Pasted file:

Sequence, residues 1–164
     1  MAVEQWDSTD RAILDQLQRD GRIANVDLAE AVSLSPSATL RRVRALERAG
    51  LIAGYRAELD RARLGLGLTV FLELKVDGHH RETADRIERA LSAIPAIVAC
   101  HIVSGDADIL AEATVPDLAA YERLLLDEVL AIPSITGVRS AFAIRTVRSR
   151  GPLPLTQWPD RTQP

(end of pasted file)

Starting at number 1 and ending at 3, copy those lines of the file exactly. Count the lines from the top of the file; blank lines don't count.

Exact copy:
Sequence, residues 1–164
     1  MAVEQWDSTD RAILDQLQRD GRIANVDLAE AVSLSPSATL RRVRALERAG
    51  LIAGYRAELD RARLGLGLTV FLELKVDGHH RETADRIERA LSAIPAIVAC